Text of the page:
1. Hehehe that would be awesome! 😀 ❤

      Yeah, I will do here some basics, so anyone reading my blog will be able to communicate basic things you need to know when visiting or passing by, 🙂 I will cover them when the timing will be good, probably next year since I have an interview coming up 😉 And some recipes require my attention 😀

      1. Good luck for your interview, I hope it goes well and I am sure your bubbly personality will shine through 🙂 Looking forward to reading more Croatian on here… Sometimes it is good to know the bad words too so we will know not to say them 😀

        Looking forward to recipes as well. Maybe one day you will show us a cake with a happy face on it 😉

      2. Thanks it is done 😀 It is made through technology bc that way I can interview people who live everywhere 🙂

        I was thinking the same thing… What if my name is some bad word in another language? 😮

        Hehehe, I have a recipe with an accidental letter on it XD

  6. wscottling

    Darn it, I hit reply too soon. 🙂 I wanted to say that I like your posts about language, but I’m a nerd that way. 🙂 hahahaha!

    1. That’s ok, two comments beat one comment! 😀
      Then you’re going to be happy because I plan on writing some more on basic “getting around” here, like if you need help or ask when your train/bus is leaving and stuff… 🙂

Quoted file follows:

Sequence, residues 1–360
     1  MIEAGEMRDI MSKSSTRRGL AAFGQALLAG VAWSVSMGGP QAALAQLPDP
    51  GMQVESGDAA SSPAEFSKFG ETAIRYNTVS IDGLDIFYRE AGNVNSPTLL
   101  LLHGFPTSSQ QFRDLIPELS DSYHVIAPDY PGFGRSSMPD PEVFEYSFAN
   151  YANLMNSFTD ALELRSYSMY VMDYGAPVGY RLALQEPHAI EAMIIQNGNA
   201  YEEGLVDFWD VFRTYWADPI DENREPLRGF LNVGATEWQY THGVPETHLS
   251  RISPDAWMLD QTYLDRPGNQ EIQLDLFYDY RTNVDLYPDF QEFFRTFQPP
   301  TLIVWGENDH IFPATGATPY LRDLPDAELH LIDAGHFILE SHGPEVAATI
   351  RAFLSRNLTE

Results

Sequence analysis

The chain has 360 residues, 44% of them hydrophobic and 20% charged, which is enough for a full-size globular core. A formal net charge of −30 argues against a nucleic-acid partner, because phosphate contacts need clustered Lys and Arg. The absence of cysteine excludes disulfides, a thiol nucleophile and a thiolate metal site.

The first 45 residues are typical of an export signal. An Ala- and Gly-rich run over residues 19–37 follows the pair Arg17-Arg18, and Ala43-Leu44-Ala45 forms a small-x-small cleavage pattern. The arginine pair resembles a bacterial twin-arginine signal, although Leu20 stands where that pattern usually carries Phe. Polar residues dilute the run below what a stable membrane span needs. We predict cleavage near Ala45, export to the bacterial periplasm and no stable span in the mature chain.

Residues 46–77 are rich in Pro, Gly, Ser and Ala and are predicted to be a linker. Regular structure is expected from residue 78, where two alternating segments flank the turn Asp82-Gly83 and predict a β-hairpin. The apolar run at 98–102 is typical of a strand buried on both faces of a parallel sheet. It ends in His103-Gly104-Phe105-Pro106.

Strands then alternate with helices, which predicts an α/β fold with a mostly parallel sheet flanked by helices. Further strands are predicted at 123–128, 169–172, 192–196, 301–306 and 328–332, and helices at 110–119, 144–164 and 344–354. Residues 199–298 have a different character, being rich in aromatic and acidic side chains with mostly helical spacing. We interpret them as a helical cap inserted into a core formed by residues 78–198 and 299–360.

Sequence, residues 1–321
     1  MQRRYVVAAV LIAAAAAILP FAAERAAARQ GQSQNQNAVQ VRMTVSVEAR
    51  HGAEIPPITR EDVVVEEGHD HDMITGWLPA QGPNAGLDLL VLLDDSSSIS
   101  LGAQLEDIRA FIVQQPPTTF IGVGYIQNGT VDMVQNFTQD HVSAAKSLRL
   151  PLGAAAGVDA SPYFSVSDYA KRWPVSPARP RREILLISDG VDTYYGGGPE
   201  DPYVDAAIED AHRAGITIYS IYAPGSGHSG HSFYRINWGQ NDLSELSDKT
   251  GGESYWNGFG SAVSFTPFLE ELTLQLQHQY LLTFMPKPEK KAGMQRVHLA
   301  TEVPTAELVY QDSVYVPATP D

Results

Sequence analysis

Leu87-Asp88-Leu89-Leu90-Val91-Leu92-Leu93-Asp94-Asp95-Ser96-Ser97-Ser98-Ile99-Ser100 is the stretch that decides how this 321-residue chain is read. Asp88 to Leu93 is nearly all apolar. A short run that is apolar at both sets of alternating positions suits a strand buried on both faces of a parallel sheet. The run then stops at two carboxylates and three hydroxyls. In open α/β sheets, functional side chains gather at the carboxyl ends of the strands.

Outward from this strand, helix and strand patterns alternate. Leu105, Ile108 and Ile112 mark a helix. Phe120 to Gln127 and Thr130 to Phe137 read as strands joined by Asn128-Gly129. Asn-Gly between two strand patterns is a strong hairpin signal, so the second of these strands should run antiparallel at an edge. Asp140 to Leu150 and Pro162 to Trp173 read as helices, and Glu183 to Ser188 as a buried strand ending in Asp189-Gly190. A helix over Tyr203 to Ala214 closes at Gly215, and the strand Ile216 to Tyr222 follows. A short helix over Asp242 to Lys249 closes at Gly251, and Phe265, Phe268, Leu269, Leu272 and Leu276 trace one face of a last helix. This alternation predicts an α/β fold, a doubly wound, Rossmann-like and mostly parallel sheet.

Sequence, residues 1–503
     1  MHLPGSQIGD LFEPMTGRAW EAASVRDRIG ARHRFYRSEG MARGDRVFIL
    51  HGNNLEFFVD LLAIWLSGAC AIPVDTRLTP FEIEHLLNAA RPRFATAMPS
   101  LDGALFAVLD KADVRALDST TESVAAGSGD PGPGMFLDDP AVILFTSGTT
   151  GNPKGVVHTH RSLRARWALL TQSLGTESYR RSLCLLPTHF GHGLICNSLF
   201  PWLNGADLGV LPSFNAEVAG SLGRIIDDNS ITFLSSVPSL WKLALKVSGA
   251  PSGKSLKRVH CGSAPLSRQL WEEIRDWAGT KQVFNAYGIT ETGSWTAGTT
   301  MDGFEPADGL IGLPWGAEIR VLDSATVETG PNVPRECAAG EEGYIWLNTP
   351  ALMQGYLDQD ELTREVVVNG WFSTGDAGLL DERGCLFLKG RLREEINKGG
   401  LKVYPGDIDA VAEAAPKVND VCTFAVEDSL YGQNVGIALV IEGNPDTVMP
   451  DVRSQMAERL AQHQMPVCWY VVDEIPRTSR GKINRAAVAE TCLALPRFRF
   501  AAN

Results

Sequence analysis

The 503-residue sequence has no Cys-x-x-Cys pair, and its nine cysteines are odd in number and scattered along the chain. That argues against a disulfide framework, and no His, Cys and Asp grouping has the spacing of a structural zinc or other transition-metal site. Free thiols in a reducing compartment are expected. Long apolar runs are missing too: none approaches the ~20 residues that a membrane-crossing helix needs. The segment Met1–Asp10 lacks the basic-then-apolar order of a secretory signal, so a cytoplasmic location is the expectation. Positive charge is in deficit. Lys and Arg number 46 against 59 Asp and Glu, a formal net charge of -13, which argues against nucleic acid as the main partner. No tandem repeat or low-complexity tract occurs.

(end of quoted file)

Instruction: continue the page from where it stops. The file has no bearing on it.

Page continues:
1. Yeah we had old Croatian too, we need to read books in it when we are in school 🙂
      I know your old English by Shakespeare, uses a lot of “thou” haha, but I can hardly understand old Croatian 😀

      1. wscottling

        Hehehe. The only people who can read and understand Old English are those who study it. It’s a dead language, like Latin. ^_^ I can only read it with a translator. Shakespeare spoke Middle/Modern English and a lot of people nowadays are beginning to not understand his language either because it’s changed so much since his time.

  7. I learnt Russian for about 12 years and noticed that I could understand our East European people in Switzerland. It is all the same root but differently said. Dobr den, dober dan etc. And the verbs, well I don’t know exactly how it is in Croatian, but the russians have two verbs for the same action (writing: pichet and napichet), according to how it is used – but don’t ask me how. This was a few year ago, but I can still speak it a little.

    1. You are right! I had two men couch surfing a few years back because of a religious gathering of young people all over Europe 🙂 They were Czech and we discovered that we have similar names for months in a year 🙂
      Yes, we say Dobar dan. There you go. 🙂
      I am guessing that is pisati and napisati, first is you’re doing it now, and second you already did it.